While Hells Belles were helling and belling on the main stage, I headed over to the Vera Stage, where another rockin' girl, Jessie S.K. and her band, Ripley, were performing a most solid set.
Ripley is oft-compared to Throwing Muses, so I headed to the show in eager anticipation. And you know, I didn't find the comparison apt. But this isn't to say Ripley didn't rock; they certainly did. I'd compare their style to a more straight-forward no-bones-about-it rock band like Goodness, with Jessie's throaty but belty voice more reminiscent of Carrie Akre than Kristen Hersh. And coming from me, this is a glowing compliment; Goodness were the first local band I adored when I moved to Seattle. I saw them eight times before they (sadly) disbanded.
But back to Ripley. Jessie plays guitar and sings; with her newly bleached hair and her red leather guitar strap with the stars on it, she heads her band with force, a solid presence. Almost too solid at times, too still. I'd like to see them all loosen up a bit, settle into their songs, and put themselves (and consequently, us) at ease with their music.
"Before you go, take your heart off my sleeve." Ripley play guitar driven rock and roll, with lyrical themes centered on broken hearts and the twisted rubbish they can leave behind. Who can't relate to that? In fact, Ripley is easy to relate to, both lyrically and musically; they rock enough to get the crowd moving, but not so much that you'd be embarrassed to bring your Mom to the show (and after this weekend, trust me, I'm an expert on this).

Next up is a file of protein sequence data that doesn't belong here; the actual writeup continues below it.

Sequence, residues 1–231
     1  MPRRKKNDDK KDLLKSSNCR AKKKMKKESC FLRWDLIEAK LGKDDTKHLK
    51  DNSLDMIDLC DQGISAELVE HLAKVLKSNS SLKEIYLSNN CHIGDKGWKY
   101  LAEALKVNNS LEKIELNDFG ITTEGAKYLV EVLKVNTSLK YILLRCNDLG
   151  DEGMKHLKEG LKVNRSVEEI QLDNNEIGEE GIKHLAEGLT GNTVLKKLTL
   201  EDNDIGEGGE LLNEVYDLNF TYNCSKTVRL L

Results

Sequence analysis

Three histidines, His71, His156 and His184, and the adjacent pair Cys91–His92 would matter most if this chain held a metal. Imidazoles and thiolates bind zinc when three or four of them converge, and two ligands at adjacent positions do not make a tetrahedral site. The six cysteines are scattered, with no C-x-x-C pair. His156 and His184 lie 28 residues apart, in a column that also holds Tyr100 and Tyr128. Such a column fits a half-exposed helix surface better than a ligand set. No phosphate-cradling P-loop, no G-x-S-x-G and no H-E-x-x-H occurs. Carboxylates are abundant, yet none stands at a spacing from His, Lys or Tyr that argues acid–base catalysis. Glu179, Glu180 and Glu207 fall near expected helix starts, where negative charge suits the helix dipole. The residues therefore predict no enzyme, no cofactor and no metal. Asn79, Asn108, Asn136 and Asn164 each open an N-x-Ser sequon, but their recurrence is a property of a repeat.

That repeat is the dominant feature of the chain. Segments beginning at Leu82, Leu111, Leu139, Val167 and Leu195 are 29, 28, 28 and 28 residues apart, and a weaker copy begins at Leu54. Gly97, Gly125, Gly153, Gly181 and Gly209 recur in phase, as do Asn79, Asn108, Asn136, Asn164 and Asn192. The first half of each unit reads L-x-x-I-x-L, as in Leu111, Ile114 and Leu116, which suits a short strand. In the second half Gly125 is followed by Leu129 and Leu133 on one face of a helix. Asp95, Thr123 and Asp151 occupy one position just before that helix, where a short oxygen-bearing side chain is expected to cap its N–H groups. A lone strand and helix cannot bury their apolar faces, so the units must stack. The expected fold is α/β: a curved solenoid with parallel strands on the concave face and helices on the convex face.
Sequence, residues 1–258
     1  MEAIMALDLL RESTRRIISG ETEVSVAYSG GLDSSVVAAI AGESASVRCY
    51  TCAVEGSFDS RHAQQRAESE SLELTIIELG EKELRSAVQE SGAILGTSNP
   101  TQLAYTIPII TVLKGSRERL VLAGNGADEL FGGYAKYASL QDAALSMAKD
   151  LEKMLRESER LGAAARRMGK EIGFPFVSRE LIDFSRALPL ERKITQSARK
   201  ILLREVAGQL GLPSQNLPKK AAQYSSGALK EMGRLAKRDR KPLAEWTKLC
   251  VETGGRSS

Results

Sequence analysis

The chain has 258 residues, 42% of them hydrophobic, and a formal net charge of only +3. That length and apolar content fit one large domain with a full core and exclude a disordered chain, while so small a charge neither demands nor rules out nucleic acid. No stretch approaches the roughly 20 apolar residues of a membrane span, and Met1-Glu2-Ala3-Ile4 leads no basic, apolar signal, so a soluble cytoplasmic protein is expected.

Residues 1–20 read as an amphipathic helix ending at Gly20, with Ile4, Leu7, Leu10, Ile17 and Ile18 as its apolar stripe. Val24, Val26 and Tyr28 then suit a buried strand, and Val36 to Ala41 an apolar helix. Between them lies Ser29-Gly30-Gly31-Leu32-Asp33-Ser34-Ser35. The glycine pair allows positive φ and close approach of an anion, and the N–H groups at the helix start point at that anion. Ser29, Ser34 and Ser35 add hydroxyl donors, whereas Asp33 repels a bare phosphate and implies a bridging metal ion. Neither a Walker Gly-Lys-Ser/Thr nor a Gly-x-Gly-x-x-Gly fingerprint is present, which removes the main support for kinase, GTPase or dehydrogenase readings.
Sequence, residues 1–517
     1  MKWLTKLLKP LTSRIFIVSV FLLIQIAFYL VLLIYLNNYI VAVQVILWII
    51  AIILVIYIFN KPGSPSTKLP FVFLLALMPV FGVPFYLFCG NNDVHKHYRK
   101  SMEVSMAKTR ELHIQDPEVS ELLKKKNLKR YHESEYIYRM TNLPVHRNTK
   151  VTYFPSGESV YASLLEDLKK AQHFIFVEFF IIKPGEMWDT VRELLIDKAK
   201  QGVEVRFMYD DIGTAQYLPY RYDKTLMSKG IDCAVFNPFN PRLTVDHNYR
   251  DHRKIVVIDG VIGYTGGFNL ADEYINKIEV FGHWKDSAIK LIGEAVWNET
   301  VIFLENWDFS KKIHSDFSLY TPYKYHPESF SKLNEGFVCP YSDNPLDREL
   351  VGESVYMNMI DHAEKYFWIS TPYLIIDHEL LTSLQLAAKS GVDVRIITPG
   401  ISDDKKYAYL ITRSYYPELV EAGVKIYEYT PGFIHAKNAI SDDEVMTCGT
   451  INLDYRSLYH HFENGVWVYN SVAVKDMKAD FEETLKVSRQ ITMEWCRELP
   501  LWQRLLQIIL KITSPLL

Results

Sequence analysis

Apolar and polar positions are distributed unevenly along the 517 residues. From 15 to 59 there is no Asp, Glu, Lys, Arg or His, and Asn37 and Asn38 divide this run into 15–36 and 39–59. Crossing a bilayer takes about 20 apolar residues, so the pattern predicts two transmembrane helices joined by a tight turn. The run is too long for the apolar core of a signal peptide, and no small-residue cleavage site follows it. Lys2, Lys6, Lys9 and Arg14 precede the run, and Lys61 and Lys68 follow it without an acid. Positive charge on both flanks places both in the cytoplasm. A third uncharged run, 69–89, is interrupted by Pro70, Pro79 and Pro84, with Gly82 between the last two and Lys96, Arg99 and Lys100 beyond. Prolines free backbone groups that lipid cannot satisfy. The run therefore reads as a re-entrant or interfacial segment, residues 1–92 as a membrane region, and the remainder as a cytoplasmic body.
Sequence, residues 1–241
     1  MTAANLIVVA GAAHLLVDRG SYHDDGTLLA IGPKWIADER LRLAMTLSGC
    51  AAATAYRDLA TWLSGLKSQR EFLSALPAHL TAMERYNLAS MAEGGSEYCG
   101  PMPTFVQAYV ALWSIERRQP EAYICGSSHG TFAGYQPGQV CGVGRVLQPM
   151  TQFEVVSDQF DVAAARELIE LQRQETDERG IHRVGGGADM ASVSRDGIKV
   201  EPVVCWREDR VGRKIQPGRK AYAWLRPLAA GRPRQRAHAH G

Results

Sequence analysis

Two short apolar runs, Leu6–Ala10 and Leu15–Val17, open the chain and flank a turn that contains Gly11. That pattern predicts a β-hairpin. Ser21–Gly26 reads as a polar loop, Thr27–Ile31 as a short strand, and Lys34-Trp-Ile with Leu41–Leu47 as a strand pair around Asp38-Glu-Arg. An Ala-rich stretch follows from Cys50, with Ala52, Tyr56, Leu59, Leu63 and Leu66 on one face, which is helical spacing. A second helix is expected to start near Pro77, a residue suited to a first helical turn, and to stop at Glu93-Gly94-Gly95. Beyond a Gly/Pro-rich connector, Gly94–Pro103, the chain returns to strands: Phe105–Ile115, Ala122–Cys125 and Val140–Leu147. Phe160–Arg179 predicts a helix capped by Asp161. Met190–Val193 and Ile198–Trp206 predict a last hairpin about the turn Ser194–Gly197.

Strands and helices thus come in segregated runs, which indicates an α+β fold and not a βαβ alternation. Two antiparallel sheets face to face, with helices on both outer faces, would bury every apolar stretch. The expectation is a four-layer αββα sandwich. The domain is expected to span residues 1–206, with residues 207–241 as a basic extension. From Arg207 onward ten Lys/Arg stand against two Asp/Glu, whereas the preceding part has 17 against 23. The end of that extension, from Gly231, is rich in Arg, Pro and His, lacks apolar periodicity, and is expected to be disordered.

And just in case you were having trouble identifying with their tunes, what do they do? An imaginary Dana favorite strategy: they played a cover; in this case, Berlin's "The Metro," a clever choice. Without the new wave keyboards to drive the song, Ripley made this one their own, a lower, droller, seductive version, with the guitar covering the melody and rhythmic drumming crashing the song fast-forward twenty years, without diminishing the original sexual nuances. Good shit, and an excellent way to introduce us to their sound by modifying an old favorite.
You know, it was nice listening to a band where the lyrics were mostly intelligible (I mean, we were outside. The best we could hope for was mostly). The fact that they were intelligible plus intelligent was even better:
"And just because I love you
Doesn't mean that I forget.
And just because I hate you
Doesn't mean it's over yet."
One final amusing note: halfway through the set, Ripley offered "party favors," free copies of their CD (with cracks in the cases) to the first four people who ran up to claim them. Four ardent fans rushed the stage to grab them before I took my pen off my pad. A few minutes later, when I was checking out the CD at the merch table, one of the kids who got a CD tried to sell it to me — for $3 less than the table price!
Don't these kids know how hard local musicians work? First this kid got to hear the show for free, and then he tried to exploit their generosity, when that free CD could have gone to a decent, hard working, music reviewer — like myself (yes, yes, with thanks to the Dead Milkmen, I will dance to anything…)
Judging from their live performance, the CD is well worth the $10 investment. You can learn more about Ripley by visiting their official web site, and you can also catch them live on Thursday July 18th, at the Sit N Spin. If the Imaginary Girls get this week's issue reviewed in time, we plan to be there.